Reactions of Alkene Compounds and Types of Reactions

Alkenes show different kinds of reactions, those reaction kinds are defined according to the mechanisms of reactions. Reason for alkene's characteristic reactions is the double bond between carbon atoms. A strong σ and a weak Π bond include in double bond. Two electrons of Π bond are attached very lightly. Therefore these Π electrons are more movable than σ electrons. Due to this reason, Π electrons are easily polarized than σ electrons by reagents.


  • Types of reactions shown by alkenes
  • Electrophilic additive reactions of alkenes
    • Alkene and halogen reaction
    • Alkene and halogen acids (HCl, HBr , HI)
    • Alkene hydration - H2O addition to alkenes
  • Oxidation of alkenes
    • Alkene and strong oxidizing agent
    • Diol preparing - reaction of alkenes and cold dilute alkaline potassium permanganate solution

Types of reactions shown by alkenes

Alkenes show following types of reactions and we will discuss them in detail in this tutorial.

  • Electrophilic additive reactions
  • Oxidizing reactions
  • Reducing reactions

Electrophilic additive reactions of alkenes

The area of double bond has a higher electron density. Therefore alkenes allure to react with electrophiles (positively charged or neutral species). Weak Π bond is readily broken and electrophiles are added through the carbon atoms where double bond was. This kind of reactions are defined as electrophilic additive reactions

Alkene and halogen reaction

Halogens (specially Cl2 and Br2) reacts with alkenes and produces dihalogen derivatives as shown below.

alkene and halogen reaction

Mechanism of alkenes and halogens reaction

Addition of halogens to alkenes is an electrophilic addition reaction. Normally, halogen molecules( Cl2, Br2) are not electron deficiency compounds. But due to higher electrons density of double bond of alkenes, halogen molecule gets polarized. The most closed atom of halogen molecule to the double bond is positively charged and other halogen atom gets negatively charged.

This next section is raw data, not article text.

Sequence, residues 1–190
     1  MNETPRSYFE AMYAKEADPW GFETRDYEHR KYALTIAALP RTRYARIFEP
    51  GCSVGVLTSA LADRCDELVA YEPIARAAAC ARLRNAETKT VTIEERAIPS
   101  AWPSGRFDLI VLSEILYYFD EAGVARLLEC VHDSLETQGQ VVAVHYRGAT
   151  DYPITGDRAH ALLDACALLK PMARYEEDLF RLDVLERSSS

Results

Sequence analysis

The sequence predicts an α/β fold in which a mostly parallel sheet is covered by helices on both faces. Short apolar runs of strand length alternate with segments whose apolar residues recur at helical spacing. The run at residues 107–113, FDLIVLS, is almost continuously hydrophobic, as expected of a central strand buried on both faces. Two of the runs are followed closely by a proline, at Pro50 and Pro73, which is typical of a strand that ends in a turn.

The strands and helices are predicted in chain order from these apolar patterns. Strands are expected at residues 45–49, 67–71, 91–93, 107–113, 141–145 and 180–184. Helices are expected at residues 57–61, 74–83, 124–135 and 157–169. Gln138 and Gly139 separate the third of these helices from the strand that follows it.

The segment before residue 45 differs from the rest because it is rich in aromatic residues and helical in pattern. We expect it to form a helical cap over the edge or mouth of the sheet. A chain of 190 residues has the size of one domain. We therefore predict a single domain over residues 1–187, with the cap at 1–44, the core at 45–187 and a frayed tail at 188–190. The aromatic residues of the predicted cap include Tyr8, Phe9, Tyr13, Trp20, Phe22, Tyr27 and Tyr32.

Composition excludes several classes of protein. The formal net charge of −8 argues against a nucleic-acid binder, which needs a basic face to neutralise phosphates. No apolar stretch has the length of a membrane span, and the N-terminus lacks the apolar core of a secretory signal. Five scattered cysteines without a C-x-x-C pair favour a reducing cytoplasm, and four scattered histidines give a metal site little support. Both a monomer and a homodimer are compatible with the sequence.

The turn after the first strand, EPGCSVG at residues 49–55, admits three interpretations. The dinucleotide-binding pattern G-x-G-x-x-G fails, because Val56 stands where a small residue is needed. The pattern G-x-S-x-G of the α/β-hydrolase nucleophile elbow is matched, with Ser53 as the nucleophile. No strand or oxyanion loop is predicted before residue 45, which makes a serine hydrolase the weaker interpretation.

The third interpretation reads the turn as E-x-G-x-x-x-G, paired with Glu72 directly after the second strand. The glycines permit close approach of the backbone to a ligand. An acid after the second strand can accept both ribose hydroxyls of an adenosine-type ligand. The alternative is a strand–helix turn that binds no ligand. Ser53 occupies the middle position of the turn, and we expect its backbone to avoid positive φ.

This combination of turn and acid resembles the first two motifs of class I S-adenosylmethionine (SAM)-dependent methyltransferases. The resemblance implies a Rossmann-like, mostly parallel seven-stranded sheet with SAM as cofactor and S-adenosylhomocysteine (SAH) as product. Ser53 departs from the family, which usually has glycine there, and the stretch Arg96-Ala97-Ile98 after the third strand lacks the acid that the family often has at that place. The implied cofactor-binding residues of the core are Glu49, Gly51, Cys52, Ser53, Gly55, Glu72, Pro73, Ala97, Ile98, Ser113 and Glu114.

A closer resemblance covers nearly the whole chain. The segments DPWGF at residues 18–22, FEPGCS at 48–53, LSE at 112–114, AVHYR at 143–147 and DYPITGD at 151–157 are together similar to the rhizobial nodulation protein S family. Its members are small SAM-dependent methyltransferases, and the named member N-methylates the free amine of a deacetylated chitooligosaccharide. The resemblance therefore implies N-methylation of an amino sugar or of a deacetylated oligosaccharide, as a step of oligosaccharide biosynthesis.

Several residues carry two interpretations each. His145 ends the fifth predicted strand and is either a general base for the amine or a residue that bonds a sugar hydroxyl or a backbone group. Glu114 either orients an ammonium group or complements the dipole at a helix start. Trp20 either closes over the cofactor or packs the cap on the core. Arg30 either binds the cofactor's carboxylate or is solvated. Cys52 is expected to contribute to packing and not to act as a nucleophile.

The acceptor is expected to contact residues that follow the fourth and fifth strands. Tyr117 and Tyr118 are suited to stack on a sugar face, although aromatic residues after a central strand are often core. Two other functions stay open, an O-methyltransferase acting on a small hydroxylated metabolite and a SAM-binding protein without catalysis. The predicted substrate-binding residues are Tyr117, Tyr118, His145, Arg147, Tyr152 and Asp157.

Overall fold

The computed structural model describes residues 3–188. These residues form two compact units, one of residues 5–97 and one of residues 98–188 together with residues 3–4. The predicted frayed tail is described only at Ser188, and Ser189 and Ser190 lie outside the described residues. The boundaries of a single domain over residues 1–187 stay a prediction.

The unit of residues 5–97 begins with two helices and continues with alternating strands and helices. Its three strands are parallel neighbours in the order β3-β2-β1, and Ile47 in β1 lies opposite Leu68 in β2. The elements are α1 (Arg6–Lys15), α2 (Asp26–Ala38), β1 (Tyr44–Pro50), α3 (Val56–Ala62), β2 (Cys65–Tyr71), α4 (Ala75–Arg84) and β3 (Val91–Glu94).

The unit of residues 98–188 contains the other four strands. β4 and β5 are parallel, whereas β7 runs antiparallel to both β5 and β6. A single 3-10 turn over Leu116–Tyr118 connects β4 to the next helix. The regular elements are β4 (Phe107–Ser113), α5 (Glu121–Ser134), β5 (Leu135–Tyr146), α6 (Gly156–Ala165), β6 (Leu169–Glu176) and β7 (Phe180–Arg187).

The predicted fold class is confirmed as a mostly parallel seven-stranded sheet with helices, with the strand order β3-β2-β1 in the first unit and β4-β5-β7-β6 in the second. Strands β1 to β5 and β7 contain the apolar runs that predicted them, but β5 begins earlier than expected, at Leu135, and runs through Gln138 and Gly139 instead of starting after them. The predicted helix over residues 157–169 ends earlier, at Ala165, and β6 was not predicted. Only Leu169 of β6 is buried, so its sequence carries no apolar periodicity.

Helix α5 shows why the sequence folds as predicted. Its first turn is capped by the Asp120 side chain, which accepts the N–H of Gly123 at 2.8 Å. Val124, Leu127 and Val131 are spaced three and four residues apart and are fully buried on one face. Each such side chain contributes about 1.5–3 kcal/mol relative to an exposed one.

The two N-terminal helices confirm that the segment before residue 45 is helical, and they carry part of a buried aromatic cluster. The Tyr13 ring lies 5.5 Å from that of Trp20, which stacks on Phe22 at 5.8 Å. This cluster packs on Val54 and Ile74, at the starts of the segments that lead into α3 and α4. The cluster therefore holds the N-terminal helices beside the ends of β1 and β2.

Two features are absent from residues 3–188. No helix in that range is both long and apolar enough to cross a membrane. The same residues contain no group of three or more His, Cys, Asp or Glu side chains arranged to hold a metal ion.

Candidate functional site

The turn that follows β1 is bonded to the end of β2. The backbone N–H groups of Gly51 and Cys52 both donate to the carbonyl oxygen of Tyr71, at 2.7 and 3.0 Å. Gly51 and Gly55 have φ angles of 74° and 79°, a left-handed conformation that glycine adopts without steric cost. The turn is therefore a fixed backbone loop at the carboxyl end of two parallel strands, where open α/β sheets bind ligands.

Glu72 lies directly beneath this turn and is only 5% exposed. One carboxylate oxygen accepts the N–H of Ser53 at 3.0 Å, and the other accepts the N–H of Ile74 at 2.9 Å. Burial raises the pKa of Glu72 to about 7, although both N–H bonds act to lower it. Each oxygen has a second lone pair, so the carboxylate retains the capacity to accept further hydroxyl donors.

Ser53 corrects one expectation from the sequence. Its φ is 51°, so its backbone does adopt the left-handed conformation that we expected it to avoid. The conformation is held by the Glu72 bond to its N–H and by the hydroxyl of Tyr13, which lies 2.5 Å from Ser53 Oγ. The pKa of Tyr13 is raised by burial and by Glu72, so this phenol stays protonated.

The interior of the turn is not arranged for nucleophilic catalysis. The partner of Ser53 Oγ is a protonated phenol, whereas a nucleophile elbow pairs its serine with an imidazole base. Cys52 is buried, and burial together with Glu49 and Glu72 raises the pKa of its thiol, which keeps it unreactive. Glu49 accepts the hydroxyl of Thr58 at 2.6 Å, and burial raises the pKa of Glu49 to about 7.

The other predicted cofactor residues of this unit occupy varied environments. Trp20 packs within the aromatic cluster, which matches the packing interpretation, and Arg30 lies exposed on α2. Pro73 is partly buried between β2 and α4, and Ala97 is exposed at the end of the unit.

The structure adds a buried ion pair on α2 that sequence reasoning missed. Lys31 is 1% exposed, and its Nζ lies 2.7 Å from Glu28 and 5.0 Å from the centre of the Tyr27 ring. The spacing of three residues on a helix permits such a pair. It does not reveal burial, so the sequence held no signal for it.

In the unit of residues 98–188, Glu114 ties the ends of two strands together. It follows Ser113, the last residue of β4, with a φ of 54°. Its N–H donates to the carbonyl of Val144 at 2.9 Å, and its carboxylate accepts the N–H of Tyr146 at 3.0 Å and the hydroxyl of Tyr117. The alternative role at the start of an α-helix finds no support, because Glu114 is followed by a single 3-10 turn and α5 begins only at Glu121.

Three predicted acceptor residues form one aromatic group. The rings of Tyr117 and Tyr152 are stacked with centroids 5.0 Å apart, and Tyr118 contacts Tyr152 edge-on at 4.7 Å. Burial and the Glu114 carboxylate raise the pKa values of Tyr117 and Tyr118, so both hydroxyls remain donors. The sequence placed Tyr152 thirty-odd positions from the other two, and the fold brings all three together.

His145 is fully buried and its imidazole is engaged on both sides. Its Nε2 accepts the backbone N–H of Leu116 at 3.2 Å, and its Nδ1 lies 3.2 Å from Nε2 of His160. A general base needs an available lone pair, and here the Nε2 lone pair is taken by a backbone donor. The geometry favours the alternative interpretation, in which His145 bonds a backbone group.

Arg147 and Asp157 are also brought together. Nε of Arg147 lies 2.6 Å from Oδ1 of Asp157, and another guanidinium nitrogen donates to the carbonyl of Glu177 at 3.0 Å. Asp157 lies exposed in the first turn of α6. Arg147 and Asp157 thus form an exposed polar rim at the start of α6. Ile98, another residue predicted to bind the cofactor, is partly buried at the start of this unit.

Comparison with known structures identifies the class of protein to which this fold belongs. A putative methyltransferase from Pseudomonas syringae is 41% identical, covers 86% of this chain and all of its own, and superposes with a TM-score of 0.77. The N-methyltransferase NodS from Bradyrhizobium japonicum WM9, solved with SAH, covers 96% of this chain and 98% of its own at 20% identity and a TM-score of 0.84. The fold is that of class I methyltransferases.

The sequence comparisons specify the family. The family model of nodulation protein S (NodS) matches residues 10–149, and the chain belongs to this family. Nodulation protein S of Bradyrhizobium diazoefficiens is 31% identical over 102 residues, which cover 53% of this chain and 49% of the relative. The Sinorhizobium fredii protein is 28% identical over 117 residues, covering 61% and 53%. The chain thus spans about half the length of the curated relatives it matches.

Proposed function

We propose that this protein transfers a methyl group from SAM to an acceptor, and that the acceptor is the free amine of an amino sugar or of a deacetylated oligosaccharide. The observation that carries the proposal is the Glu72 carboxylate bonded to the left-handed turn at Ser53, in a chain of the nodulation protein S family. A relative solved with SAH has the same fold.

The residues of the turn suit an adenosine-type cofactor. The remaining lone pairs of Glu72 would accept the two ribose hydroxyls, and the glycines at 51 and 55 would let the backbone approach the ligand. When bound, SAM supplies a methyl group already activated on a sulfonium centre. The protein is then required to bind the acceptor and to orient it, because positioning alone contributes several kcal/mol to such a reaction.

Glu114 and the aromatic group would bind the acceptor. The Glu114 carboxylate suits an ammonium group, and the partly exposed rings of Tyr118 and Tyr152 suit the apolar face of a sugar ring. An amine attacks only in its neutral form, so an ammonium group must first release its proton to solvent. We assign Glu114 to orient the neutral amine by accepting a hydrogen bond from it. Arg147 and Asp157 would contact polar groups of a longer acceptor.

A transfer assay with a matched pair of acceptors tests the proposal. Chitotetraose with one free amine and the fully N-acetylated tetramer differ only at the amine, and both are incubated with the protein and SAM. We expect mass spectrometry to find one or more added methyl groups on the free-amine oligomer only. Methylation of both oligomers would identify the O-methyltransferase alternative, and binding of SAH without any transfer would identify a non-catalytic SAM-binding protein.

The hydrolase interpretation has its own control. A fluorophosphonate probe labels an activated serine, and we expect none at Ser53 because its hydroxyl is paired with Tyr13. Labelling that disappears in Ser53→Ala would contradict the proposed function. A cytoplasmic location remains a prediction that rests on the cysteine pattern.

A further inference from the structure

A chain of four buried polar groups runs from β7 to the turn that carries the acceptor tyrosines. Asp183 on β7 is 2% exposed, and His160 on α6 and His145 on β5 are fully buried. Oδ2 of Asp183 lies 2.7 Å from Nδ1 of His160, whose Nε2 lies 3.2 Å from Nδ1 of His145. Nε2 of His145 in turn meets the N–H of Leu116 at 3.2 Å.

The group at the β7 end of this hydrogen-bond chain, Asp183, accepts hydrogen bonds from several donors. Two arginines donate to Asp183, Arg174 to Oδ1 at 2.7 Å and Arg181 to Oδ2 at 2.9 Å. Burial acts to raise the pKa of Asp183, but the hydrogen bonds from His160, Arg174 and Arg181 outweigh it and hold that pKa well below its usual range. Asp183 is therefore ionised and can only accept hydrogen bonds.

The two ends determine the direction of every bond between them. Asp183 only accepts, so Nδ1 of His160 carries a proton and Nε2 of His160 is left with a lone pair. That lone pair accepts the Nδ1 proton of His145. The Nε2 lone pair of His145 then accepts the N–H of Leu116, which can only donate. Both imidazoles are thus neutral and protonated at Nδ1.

The positively charged halogen atom (electron deficiency atom) react with double bond and make bonds with both carbon atoms of double bond. Other halogen molecule forms a halide ion.

Stability of carbocation in intermediate states of reactions

Carbocation holds positive charges. Carbocations are formed as intermediate compounds during the reaction. If positive charge density is low, that carbocation show some stability. That positive charge density depends on number of other alkyl groups which are located around the positively charged Carbon atom and state of those alkyl groups. Alkyl groups (CH3CH2- , CH3- ) can release electrons.

  • Therefore alkyl groups can reduce positive charge of carbocation.
  • Also, when number of alkyl group increases, positive charge of carbocation decreases.

This carbocation of stability of carbocation is useful when we learn some reactions of alkenes. Some examples are addition of halogen acids to alkenes, hydration of alkenes.

Reaction of ethene and bromine with mechanism

Cyclic brominium cation

A cyclic brominium cation is given as the intermediate product. Next, one carbon atom in the brominium ion is attacked by bromide ion (Br -). Then a bond between Br- and that carbon atom forms and the existing bromine-carbon bond in the ring is broken. A dibromide forms as the final product.

Cyclic brominium cation give dibriomide

Reaction is started through Brδ+ which has minor positive charge due to Van der Waals forces. Br δ+ behave as an electrophilic. Therefore, this is an addition reaction. Finally, we introduce this reaction as an Electrophilic Addition Reaction.

Alkene and halogen acids (HCl, HBr , HI)

As an addition reaction, halogen atom and hydrogen atom join to carbon atoms which have the double bond.

Reaction of symmetrical alkene and halogen acids

One part of the halogen acid attaches to one carbon atom (in the double bond) and other part to other carbon atom in the double bond.

symmetric alkene and halogen acid reaction example

Reaction of unsymmetrical alkene and halogen acids

unsymmetric alkene and halogen acid reaction example

Addition of halogen acids to unsymmetrical alkenes (Markovnikov rule)

Negative part of the addendum (here Cl, Br,I) joins with carbon atom which carries the smaller number of hydrogen atoms and positive part (H) goes to the carbon atom which has more hydrogen atoms.